Colette Revolutionized French Literature With Her Depictions of Female Desire

Born 150 years ago this week, the author was known for her incisive portrayals of women's everyday lives

On January 12, 1928, Ruth Snyder was executed at Sing Sing prison for murdering her husband, Albert.

How a New York Tabloid Captured the First Photo of an Execution by the Electric Chair

In January 1928, Tom Howard of the "Daily News" smuggled a camera into Sing Sing, where he snapped a picture of Ruth Snyder’s final moments

Ethel Payne wore this plush, wide-brimmed hat in the early 1960s, during her pioneering civil rights journalism for the Chicago Defender.

Pioneering Journalist Ethel Payne Wasn’t Afraid to Stand Out

Her hats turned heads, but it was her work as a reporter that changed the nation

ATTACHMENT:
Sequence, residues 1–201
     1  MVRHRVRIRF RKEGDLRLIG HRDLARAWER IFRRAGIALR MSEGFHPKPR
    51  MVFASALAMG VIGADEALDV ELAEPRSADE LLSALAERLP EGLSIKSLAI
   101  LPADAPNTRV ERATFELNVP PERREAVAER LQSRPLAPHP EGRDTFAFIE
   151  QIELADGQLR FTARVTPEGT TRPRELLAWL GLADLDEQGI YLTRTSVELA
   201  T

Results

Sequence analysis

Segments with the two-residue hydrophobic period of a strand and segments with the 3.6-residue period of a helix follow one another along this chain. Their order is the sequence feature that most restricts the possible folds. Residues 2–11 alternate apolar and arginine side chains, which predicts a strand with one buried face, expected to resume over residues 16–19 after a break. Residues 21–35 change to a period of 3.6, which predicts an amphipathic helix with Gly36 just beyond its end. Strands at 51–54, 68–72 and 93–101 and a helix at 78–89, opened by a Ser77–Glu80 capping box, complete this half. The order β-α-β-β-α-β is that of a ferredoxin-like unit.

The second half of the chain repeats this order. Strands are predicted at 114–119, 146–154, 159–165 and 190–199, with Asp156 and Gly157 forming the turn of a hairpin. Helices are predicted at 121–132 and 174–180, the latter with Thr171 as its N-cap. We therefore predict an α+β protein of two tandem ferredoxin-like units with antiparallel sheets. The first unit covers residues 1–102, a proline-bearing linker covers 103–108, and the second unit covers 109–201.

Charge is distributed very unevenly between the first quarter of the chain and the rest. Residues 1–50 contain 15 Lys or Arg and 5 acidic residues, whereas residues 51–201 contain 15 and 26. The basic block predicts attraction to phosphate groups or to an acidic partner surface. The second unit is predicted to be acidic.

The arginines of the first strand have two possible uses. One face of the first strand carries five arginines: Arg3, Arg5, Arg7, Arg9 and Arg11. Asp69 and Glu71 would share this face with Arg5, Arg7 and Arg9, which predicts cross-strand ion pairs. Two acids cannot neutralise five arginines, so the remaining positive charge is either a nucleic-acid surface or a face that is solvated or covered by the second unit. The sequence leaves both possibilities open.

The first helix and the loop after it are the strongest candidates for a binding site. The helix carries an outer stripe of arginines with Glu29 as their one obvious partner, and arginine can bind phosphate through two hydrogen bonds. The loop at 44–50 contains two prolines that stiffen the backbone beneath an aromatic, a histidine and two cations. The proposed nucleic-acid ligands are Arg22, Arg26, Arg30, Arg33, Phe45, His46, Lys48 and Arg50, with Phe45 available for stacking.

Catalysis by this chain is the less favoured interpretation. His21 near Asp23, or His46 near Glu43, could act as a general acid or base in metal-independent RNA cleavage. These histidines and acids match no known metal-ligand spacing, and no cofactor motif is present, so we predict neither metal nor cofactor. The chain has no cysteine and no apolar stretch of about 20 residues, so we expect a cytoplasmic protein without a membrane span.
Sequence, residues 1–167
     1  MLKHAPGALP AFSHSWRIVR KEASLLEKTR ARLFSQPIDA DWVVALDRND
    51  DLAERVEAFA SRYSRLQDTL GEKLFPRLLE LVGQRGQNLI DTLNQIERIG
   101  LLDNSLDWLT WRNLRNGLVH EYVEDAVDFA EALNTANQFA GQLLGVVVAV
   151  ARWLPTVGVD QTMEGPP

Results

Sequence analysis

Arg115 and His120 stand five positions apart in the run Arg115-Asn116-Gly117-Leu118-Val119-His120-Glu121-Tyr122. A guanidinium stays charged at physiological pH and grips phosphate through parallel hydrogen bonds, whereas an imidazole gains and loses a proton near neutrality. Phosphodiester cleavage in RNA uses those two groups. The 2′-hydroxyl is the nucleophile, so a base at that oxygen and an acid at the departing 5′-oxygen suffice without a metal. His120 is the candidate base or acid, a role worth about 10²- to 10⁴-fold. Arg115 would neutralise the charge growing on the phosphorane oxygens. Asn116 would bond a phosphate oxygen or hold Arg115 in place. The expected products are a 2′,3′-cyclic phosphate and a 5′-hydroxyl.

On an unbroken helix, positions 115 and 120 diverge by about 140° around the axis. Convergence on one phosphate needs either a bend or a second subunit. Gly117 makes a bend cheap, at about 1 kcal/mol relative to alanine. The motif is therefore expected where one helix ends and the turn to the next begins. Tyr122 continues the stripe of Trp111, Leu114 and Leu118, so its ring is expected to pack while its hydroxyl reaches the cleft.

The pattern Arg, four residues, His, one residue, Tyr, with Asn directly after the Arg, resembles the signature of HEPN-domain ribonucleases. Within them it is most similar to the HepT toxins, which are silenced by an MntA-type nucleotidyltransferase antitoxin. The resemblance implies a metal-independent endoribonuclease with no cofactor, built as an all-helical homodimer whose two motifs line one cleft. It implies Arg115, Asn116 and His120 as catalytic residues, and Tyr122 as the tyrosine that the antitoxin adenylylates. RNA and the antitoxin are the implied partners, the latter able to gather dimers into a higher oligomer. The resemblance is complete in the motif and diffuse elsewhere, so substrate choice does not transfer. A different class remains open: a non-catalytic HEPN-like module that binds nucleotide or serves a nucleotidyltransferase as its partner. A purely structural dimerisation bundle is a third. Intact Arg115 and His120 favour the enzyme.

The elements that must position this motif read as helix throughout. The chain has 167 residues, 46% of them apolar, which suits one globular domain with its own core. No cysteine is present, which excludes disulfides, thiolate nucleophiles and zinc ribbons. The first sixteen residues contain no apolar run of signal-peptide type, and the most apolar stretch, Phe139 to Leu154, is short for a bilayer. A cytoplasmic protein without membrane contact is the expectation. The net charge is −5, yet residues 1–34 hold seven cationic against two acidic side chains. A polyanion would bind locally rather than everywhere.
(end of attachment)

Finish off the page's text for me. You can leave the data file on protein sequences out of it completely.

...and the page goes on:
Brigitte Lacombe’s 1996 photo of Joan Didion, who is now is the subject of a new exhibition at the Hammer Museum

Joan Didion's Legacy Lives on in Los Angeles

The writer, who died last winter, is the subject of a new exhibition at the Hammer Museum

Adnan Syed, the subject of a 2014 investigation led by Sarah Koenig on the podcast “Serial,” leaves the courthouse after being released from prison.

Adnan Syed, Subject of 'Serial,' Is Released From Prison

The decision comes 23 years after he was convicted for the murder of 18-year-old Hae Min Lee

Medical student Anna Searcy in 1897

These Trailblazers Were the Only Women in the Room Where It Happened

A new book spotlights 100 historical photographs of lone women hidden among groups of men

A boy riding his bike while delivering newspapers with his dog in tow, 1970s

What Ever Happened to the Neighborhood Paperboy?

To mark the premiere of Amazon's "Paper Girls," we delved into the surprisingly murky history of bicycle-riding newspaper carriers

The 15 freed hostages and their rescuers arrive at San José del Guaviare airport in July 2008.

The Daring Rescue Mission That Freed 15 Hostages Held in the Colombian Jungle for Years

A new exhibition at the International Spy Museum revisits Operación Jaque, a covert 2008 plot led by the Colombian military